This aspect is critical to making your paper look perfect. An opposing viewpoint allows you to show that you are not afraid of a different opinion and are ready to consider all aspects that help to reveal your topic. Let's get back to the problem of frostbite. Point out something like, "Although emergency medical attention is important for frostbite, excessive fever or surgical procedures without prior analysis can have a negative impact on the patient."
Useful Tips for Writing a Thesis Statement
Know the Topic
It isn't easy to write about anything if you do not know your topic. So do some preliminary research and find a theoretical explanation before getting started. This advice is relevant for any paper.
Limit Your Topic
The more multifaceted your topic is, the more difficult it will be to write each paragraph and your intro. Limit yourself to a specific area or problem. Then you don't have to research a ton of scientific facts and information before you get started. Stick to this rule, and you will not have questions like, "How to write a thesis statement for an essay?" Do not create additional problems for yourself.
Every beginner should know that brainstorming is the best way to achieve positive results. Let's say you don't know where to start yet. Take a piece of paper and a pen. Write down all the ideas, facts, and data you find while surfing the Internet or analyzing trusted sources. Then you can write a truly effective thesis statement and expect high grades.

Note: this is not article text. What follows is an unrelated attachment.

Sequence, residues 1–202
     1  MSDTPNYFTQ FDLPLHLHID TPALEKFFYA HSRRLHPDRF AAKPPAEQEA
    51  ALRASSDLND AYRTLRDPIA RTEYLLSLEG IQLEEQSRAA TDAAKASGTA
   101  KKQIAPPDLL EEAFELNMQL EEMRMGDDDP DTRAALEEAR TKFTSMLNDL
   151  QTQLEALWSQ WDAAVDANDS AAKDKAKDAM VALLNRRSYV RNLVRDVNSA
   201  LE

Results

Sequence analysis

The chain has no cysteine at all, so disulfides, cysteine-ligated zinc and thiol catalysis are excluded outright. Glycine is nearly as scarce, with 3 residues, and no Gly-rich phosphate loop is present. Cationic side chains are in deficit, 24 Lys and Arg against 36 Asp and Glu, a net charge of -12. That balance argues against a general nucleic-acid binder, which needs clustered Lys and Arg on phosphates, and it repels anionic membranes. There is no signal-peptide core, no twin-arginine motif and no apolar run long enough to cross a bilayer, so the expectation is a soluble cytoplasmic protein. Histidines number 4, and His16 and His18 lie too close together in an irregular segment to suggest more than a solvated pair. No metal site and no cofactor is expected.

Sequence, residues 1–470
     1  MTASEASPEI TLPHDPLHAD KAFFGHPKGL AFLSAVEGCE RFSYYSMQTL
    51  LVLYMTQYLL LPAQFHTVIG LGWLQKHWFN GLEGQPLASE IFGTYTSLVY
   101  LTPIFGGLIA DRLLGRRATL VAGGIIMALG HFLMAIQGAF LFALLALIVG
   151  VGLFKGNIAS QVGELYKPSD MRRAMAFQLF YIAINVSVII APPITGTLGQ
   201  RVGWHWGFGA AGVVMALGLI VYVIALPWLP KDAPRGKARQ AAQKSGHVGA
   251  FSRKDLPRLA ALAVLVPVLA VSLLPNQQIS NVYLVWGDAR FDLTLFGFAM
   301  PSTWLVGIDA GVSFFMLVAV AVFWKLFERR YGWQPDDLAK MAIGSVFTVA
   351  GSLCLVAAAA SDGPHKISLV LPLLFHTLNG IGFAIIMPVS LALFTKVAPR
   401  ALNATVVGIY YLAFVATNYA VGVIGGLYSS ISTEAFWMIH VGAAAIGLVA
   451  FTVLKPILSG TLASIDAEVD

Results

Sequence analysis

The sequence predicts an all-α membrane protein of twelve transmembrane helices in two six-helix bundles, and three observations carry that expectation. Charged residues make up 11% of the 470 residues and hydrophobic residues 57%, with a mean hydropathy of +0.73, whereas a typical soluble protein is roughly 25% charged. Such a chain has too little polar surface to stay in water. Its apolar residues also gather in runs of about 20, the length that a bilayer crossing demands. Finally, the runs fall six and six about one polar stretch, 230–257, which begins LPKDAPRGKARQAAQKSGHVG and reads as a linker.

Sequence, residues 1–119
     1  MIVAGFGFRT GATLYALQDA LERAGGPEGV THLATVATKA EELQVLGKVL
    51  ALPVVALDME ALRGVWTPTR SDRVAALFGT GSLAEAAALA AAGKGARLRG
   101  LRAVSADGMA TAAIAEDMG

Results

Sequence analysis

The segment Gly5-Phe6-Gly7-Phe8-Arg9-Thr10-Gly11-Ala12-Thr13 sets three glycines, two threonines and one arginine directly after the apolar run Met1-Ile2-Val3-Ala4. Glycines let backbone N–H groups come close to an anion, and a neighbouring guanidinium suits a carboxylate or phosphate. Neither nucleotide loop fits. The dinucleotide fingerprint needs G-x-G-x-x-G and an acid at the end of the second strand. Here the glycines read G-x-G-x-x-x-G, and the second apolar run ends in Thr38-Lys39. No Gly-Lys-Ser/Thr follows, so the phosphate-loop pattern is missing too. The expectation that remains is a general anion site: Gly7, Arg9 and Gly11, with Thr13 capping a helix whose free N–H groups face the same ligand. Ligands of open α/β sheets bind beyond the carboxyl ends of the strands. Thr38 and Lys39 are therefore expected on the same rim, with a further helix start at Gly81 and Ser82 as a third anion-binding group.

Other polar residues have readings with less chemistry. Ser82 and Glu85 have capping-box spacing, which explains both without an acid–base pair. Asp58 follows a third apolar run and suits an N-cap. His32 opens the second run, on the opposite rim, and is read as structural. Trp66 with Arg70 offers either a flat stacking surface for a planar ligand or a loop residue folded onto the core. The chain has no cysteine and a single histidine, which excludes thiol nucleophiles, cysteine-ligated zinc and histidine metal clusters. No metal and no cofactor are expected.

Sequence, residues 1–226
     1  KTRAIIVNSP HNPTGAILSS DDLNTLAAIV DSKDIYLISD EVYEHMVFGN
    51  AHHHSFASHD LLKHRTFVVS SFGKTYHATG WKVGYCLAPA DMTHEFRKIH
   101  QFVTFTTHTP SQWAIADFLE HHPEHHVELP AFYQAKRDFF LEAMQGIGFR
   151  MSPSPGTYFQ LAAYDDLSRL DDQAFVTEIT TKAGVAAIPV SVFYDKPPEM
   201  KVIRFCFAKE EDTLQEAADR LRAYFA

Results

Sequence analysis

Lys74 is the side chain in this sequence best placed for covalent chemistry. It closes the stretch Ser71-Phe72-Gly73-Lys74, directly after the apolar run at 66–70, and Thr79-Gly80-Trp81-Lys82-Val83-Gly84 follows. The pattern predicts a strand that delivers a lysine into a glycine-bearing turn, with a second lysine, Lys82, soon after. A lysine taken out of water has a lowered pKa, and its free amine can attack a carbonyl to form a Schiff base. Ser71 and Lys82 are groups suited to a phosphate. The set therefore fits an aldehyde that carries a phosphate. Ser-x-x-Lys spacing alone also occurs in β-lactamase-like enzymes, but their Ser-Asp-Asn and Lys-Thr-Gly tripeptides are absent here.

For many people, this advice may seem obvious. However, thousands of students make the same mistake. If you can cut your offers in half without losing their value, then you are on the right track. Try to frame your thoughts and statements concisely and transparently. Then you will not need to look for answers to questions like, "How to create a thesis statement quickly?" Instead, practice and create a draft. Then it will be easier for you to train.
Thesis Statement Checklist
So it's time to talk about creating the correct checklist. First, think about what questions will be most relevant to your paper. Where should you start, and what aspects should you pay attention to? Here is a list of questions that will come in handy.
- Have you answered the question in your assignment?
- Is your statement arguable?
- Have you focused on the main topic and all the important aspects?
- Have you been able to accommodate the specifics of your topic?
- Did you rely on objective or subjective factors?
- Is your statement concise?
All of these questions are critical to polish your paper. Use this checklist when you are not sure if your actions are correct. And do not forget about the tips so as not to make primitive mistakes.
You now have a significant advantage over other students. Use basic terminology, examples, and tips to get the results you want quickly. All you need is attentiveness and following general instructions. Then your statement will be perfect.